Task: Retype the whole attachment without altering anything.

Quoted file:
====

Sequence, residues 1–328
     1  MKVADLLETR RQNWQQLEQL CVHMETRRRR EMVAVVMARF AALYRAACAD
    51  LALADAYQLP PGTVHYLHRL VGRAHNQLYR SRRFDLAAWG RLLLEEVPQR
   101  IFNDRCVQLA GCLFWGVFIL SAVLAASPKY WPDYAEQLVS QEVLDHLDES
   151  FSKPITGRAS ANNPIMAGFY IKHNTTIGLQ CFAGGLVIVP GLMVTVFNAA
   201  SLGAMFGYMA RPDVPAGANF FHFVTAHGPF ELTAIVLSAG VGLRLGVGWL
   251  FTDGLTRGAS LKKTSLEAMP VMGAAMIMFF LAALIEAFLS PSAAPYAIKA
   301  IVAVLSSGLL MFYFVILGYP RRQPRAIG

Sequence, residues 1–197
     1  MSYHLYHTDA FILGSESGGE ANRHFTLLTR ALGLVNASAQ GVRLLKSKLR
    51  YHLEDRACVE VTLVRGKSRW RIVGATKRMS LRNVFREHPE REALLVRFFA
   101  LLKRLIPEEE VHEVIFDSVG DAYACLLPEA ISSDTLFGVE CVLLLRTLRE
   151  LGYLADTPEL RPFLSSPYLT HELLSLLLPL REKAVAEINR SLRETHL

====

Sequence, residues 1–328
     1  MKVADLLETR RQNWQQLEQL CVHMETRRRR EMVAVVMARF AALYRAACAD
    51  LALADAYQLP PGTVHYLHRL VGRAHNQLYR SRRFDLAAWG RLLLEEVPQR
   101  IFNDRCVQLA GCLFWGVFIL SAVLAASPKY WPDYAEQLVS QEVLDHLDES
   151  FSKPITGRAS ANNPIMAGFY IKHNTTIGLQ CFAGGLVIVP GLMVTVFNAA
   201  SLGAMFGYMA RPDVPAGANF FHFVTAHGPF ELTAIVLSAG VGLRLGVGWL
   251  FTDGLTRGAS LKKTSLEAMP VMGAAMIMFF LAALIEAFLS PSAAPYAIKA
   301  IVAVLSSGLL MFYFVILGYP RRQPRAIG

Sequence, residues 1–197
     1  MSYHLYHTDA FILGSESGGE ANRHFTLLTR ALGLVNASAQ GVRLLKSKLR
    51  YHLEDRACVE VTLVRGKSRW RIVGATKRMS LRNVFREHPE REALLVRFFA
   101  LLKRLIPEEE VHEVIFDSVG DAYACLLPEA ISSDTLFGVE CVLLLRTLRE
   151  LGYLADTPEL RPFLSSPYLT HELLSLLLPL REKAVAEINR SLRETHL